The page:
Thursday, November 22, 2012

Ancient Tibet (1196 BC - 950 AD)

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"Since the second propagation on the Buddist doctrine in Tibet, in which teachings of non-Indian origin were dismissed..."... (Kongtrul:1995..pg 28......Myriad Worlds: Buddhist Cosmology in Abhidharma, Kalachakra & Dzog-chen..... Jamgon Kongtrul Lodro Taye )..."

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640 to 842 CE, Tibet was in a phase of expansion during which it absorbed the state of Zhang-zhung, and then substantial Chinese, Nepalese and other territories surrounding it. It was near the end of this period, that under royal patronage, the first Tibetan Buddhist monastery was founded at Sam'ye.

"Tibet. In 617 A.D. Namri Songtsen, the 32nd King of the peoples of Tibet, had a son named Tri De-songtsen (Ch: Chi Tsung-lung-tsan), who is better known as Tri Songtsen Gampo.4 This young ruler (he was 13 when he ascended the throne in 630) quickly squashed the attempted coup that accompanied his father's assassination and then proceeded with the systematic and bloodthirsty reduction of all traces of opposition to his control over the Tibetan Plateau. Having married his sister to the king of Suvarnadwipa, he conspired with her in the latter's ambush and murder.5 Following upon the death of the last descendant of the matriarchal dynasty of Suvarnadwipa, the armies of Tibet streamed westward along the Indus and north toward the vast basin lands of the Tarim,,,Songtsen Gampo's apotheosis into the Buddhist archetype of unconditional love and mercy, as Avalokitesvara, is incongruous in face of the reality of his character as one of the greater warlords of Oriental history. He did, however, accomplish much good by introducing culture and the art of writing into the country. Songtsen Gampo died of the plague in 649 A.D. and the throne descended to his grandson, Mangsong Mangtsen."....http://www.dharmafellowship.org/biographies/historicalsaints/lord-padmasambhava.htm#eightcentury

"The first encounters between the Islamic world and Tibet took place in the course of the expansion of the Abbasid Empire in the eighth century. Military and political contacts went along with an increasing interest in the other side. Cultural exchanges and the transmission of knowledge were facilitated by a trading network, with musk constituting one of the main trading goods from the Himalayas, largely through India. From the thirteenth century onwards the spread of the Mongol Empire from the Western borders of Europe through Central Asia to China facilitated further exchanges. The significance of these interactions has been long ignored in scholarship."....."Islam and Tibet – Interactions along the Musk Routes.".... Edited by Anna Akasoy, Oriental Institute, University of Oxford

The Tibetan Empire existed during the 7th and 9th centuries A.D., and ruled roughly the area of Tibetan Plateau.The historic name for the Tibetan Empire is different from Tibet's present name."This first mention of the name Bod, the usual name for Tibet in the later Tibetan historical sources, is significant in that it is used to refer to a conquered region....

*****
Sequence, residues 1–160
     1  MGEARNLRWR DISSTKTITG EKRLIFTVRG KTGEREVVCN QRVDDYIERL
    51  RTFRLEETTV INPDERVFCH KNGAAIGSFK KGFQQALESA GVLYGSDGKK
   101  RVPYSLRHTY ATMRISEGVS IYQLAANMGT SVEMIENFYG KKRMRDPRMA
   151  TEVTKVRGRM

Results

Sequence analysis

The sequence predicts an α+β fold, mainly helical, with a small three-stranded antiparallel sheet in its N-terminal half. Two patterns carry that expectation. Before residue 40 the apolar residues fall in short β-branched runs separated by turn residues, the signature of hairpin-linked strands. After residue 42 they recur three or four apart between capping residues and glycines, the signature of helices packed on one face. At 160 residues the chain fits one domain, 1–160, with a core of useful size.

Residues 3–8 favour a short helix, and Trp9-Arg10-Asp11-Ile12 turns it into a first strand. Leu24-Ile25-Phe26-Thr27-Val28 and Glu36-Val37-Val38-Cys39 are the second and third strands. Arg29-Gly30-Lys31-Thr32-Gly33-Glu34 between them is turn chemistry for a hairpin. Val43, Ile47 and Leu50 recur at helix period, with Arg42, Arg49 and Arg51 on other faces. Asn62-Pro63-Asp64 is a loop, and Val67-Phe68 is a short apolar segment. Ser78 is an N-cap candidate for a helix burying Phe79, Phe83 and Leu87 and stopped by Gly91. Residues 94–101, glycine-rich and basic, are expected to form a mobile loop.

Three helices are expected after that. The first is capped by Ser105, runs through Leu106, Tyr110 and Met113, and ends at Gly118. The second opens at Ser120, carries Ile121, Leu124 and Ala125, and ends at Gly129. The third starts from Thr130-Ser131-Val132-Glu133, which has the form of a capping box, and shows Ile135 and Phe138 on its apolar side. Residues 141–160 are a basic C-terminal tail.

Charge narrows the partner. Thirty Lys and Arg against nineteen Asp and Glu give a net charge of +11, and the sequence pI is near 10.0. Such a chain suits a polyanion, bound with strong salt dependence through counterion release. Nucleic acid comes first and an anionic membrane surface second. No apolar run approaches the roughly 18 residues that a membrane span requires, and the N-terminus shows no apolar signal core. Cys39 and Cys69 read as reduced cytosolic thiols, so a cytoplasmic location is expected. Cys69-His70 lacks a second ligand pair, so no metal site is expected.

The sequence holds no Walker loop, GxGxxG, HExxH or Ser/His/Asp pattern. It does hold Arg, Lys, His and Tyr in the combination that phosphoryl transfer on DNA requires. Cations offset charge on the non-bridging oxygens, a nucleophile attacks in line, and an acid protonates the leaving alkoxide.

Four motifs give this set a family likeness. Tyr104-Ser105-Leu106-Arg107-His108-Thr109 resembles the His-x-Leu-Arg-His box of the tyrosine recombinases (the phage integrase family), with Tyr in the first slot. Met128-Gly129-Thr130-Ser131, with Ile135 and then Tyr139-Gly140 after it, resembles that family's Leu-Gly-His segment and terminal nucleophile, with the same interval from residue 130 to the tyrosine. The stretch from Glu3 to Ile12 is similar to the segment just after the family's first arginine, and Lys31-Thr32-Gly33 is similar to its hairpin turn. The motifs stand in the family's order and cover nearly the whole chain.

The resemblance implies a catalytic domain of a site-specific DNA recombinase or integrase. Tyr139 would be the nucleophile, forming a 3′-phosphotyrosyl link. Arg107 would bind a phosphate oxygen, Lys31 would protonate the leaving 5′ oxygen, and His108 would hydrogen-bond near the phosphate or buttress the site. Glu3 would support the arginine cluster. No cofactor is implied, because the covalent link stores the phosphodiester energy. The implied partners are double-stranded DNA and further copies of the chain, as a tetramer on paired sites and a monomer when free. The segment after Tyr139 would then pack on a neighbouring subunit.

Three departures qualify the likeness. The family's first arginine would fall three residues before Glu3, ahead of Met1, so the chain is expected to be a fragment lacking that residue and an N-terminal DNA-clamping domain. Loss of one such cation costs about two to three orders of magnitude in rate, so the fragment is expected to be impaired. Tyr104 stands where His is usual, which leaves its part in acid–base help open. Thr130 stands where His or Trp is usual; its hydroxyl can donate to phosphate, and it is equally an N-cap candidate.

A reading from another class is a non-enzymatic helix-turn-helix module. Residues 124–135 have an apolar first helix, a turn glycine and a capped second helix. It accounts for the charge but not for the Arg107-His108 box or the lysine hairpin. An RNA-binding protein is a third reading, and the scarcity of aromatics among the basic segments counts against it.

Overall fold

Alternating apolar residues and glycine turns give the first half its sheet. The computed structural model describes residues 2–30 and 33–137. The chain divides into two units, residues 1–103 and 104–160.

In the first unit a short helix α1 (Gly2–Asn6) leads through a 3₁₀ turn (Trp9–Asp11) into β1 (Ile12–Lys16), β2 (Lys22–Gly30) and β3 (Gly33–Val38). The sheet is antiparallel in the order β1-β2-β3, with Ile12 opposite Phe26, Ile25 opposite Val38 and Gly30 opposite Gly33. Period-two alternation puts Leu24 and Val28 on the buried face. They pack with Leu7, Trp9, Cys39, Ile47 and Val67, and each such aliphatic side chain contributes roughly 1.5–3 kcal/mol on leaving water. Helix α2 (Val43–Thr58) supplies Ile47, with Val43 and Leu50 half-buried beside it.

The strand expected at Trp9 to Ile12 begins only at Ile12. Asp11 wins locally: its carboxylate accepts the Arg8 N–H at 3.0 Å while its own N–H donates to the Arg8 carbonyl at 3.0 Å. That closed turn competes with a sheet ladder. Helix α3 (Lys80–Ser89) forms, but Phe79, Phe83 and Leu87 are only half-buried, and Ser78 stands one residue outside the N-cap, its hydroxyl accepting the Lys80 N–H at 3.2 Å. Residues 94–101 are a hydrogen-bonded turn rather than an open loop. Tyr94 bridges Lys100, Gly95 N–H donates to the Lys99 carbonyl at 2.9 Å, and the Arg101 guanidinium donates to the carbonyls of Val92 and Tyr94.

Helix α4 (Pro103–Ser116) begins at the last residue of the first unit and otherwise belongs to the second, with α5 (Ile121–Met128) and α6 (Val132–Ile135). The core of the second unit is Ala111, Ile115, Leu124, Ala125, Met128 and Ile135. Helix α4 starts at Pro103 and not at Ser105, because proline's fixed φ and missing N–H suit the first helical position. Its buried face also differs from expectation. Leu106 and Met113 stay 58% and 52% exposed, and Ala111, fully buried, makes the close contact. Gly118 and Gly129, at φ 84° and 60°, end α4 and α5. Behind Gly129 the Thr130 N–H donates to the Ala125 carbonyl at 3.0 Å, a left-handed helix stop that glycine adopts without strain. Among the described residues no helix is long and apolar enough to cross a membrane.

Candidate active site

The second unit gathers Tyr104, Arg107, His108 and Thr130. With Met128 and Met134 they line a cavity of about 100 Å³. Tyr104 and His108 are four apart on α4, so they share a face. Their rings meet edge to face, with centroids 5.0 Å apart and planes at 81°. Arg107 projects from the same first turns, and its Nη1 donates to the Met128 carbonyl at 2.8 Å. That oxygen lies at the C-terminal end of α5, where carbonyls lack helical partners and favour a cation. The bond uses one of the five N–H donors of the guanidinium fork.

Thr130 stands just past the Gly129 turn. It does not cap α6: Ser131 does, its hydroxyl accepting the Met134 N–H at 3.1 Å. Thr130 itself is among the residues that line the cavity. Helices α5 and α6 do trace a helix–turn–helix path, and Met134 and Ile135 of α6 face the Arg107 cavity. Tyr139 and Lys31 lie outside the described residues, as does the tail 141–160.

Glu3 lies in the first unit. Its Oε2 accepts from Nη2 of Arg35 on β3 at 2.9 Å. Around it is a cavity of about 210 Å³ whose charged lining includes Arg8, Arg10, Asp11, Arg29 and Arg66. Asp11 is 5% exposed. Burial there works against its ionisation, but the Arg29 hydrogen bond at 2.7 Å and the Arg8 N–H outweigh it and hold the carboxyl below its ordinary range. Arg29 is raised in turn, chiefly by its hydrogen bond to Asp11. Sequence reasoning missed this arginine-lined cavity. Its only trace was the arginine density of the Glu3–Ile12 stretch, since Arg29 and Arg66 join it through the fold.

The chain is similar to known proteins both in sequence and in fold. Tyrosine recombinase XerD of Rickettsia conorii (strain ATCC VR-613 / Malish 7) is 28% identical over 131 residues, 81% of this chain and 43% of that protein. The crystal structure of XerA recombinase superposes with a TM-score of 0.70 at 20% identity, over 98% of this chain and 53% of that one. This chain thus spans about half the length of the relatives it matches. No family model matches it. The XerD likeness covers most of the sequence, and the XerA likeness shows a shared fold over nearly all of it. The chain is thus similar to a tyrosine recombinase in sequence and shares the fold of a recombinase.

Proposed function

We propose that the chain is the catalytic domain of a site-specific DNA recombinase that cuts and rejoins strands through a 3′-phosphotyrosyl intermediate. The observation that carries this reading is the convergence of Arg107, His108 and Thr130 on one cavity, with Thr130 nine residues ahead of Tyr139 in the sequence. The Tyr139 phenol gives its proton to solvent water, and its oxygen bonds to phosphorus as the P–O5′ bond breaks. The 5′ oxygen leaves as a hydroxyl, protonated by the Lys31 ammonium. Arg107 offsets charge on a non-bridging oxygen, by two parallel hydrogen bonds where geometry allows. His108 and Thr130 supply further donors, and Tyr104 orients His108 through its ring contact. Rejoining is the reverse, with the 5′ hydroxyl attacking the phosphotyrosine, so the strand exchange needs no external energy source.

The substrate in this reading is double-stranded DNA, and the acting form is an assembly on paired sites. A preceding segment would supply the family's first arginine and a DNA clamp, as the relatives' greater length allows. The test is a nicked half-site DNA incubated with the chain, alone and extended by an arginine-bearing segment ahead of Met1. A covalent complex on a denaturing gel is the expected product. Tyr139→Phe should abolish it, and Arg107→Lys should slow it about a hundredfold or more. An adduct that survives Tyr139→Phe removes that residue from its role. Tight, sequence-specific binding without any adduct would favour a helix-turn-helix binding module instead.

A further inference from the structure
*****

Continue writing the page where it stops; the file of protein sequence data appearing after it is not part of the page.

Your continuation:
Mutri Tsenpo, the second king of Tibet, was interested in the Bon trantric practice Drakpa Kor Sum and invited many scholars from Zhang Zhung to teach it. ....http://www.olmoling.org/contents/bon_bonpo

Tsetang, Tibet’s third largest city, is the mythical birthplace of the Tibetan people. According to legend a monkey mediating in a cave was seduced by a female demon who had refused to wed another monster. She married the monkey and produced six children who grew up to form the six major tribes of Tibet. Another myth describes how the first Tibetan king descended to earth from heaven on a sky rope. These myth are believed to have their origin in the ancient Bon religion.

"New ideas that came into the empire as a result of its expansion, helped to create stresses and power blocs that were often in competition with the ruler at the center of the empire. Thus, for example, adherents of the Bön religion and the supporters of the ancient noble families gradually came to find themselves in competition with the recently-introduced Buddhism.

Songtsän Gampo (Srong-brtsan Sgam-po) (born ca. 604, died 650) was the first great emperor who expanded Tibet's power beyond Lhasa and the Yarlung Valley, and is traditionally credited with introducing Buddhism to Tibet.

The Chinese Princess Wencheng (Tibetan: Mung-chang Kung-co) departed China in 640 to marry Songtsän Gampo's son. She arrived a year later. This is traditionally credited with being the first time that Buddhism came to Tibet, but it is very unlikely Buddhism extended beyond foreigners at the court.....Songtsän Gampo’s sister Sämakar (Sad-mar-kar) was sent to marry Lig-myi-rhya, the king of Zhangzhung in what is now Western Tibet. However, when the king refused to consummate the marriage, she then helped her brother to defeat Lig myi-rhya and incorporate Zhangzhung into the Tibetan Empire. In 645, Songtsän Gampo overran the kingdom of Zhangzhung.

Between 665-670 Khotan was defeated by the Tibetans, and a long string of conflicts ensued with the Chinese Tang Dynasty. In the spring of 670, Tibet attacked the remaining Chinese territories in the western Tarim Basin. With troops from Khotan they conquered Aksu, upon which the Chinese abandoned the region, ending two decades of Chinese control. They thus gained control over all of the Chinese Four Garrisons of Anxi in the Tarim Basin in 670 and held them until 692, when the Chinese finally managed to regain these territories.